This wasn't a good enough way of showing the E5500's data-moving prowess, it seems - so NetApp's number-crunchers devised a new way of presenting the results, dividing the MBPS total by the number of disk drive spindles in the tested configuration, and so came out on top of the list by a wide margin.
NetApp's MBPS/spindle SPC-2 table
Now NetApp can say the test results "demonstrates the highest throughput per spindle by more than 2.5 times over the nearest non-NetApp published result."
Well, not quite. We added in the XIV result, using data from an SPC-2/E energy efficiency version of the benchmark. NetApp is still ahead by a good margin though, at 73.80 MBPS per spindle.
We also added the all-flash TMS RamSan 630 to the table to indicate that a MBPS/spindle measure is useless for an all-flash array.
The NetApp statisticians' wizardry shows that the E5500 ASIC and firmware can move sequential data on and off disk drives faster than any other storage array in this particular set of tested systems.
There you have it; NetApp's nabobs of numerology have spun the SPC-2 stats and lifted NetApp above the also-rans at the top of the SPC-2 sequential data moving heap.
Whether you're buying it is up you. ®
Nice but nothing new
The Engenio products have always been reasonably solid and performed well for their cost so this is just a logical evolution from the previous generation. What they failed to do for many years while being sold to many different companies and still have not shown that they can do is provide much in the way of software and application integration or innovation and in that regards, NetApp and EMC provide a much richer feature set. Storage needs to evolve but so do the people making it and the Engenio group seem to be a one trick pony.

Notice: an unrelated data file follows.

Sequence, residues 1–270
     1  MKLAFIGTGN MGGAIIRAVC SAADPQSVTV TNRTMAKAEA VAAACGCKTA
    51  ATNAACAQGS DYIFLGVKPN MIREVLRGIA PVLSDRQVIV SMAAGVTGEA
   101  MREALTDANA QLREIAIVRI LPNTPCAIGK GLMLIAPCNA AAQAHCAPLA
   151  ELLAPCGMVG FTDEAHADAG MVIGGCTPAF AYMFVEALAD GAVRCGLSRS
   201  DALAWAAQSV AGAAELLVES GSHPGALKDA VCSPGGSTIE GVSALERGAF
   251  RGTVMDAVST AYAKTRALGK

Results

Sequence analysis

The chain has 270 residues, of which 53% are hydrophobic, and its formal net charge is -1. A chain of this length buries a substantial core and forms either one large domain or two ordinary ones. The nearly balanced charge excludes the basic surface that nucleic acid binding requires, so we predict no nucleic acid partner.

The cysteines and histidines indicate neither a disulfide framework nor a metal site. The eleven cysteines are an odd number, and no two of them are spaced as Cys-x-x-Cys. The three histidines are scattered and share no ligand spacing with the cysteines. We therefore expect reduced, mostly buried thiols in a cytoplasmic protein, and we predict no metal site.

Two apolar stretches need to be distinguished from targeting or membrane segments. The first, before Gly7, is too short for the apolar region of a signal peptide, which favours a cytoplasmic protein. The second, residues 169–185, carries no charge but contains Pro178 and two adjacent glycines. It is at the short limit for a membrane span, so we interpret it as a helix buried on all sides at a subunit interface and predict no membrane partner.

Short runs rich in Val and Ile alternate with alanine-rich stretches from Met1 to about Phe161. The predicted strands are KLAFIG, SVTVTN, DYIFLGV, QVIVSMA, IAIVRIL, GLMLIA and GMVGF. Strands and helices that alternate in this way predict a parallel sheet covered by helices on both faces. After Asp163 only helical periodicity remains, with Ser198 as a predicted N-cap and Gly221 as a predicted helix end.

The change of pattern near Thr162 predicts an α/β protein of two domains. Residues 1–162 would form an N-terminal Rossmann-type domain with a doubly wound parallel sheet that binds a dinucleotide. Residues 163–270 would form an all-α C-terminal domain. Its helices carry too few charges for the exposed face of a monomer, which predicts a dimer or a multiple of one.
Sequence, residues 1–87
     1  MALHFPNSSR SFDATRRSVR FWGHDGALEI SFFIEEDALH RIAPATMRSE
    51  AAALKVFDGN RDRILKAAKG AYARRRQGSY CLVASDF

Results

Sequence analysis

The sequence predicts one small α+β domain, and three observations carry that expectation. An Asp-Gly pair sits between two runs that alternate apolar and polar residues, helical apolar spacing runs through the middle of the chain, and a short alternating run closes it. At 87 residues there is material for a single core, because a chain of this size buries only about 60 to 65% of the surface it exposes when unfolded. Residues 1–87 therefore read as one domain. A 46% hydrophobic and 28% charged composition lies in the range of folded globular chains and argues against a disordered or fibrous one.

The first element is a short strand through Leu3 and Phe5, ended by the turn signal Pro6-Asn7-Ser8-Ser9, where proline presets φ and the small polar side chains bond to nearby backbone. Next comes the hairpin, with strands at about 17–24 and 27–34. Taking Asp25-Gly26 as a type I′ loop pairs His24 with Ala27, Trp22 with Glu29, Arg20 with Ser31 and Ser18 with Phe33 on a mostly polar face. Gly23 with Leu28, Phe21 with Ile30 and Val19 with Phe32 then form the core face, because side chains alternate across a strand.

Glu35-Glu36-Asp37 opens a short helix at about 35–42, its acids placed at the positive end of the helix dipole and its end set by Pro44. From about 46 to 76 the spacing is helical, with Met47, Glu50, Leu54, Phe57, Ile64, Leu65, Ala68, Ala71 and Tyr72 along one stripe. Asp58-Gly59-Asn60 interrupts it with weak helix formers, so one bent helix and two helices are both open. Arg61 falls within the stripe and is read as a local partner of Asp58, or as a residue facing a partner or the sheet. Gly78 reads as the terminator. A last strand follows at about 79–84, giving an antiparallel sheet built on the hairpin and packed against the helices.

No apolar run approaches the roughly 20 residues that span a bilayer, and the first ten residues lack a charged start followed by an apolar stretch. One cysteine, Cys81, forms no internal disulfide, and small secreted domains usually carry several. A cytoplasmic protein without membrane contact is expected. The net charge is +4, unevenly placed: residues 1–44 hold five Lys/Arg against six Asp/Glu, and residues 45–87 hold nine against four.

Re: Nice but nothing new
I would have thought NetApp would have gone after HDS. Hitachi would probably be willing to part with it. Sure, there would have been some overlap between FAS and HUS, but not complete overlap. Getting VSP would have allowed NetApp to tussle with EMC and IBM for the top tier environments with a good FC story, instead of their WAFL emulation, as well as rounded out the rest of the portfolio..... Now that NetApp passed, I think Cisco will look closely at HDS. Start a proper war with EMC after EMC/VMware decided to buy Nicira. If not HDS, Cisco is buying some storage company.
Re: Nice but nothing new
Now that IBM has unofficially replaced the DS3/4/5 with V37/7000 (replacing Engenio with their own IP), I wonder if NetApp is all that interested. It was always an odd purchase as IBM had to be overwhelmingly the top buyer of Engenio and were clearly going their own way even before NetApp purchased it from LSI.... Maybe NetApp can use their FAS connections with accounts to push Engenio as a lower end option for remote sites and whatnot, but, if anything, I would have thought that NetApp would have wanted to go up market to compete with the VMAXs, VSPs, XIVs, DS8s, etc... or sideways into some related software business such as content management via buying OpenText or something of that nature... maybe CommVault. I always thought it was a strange buy.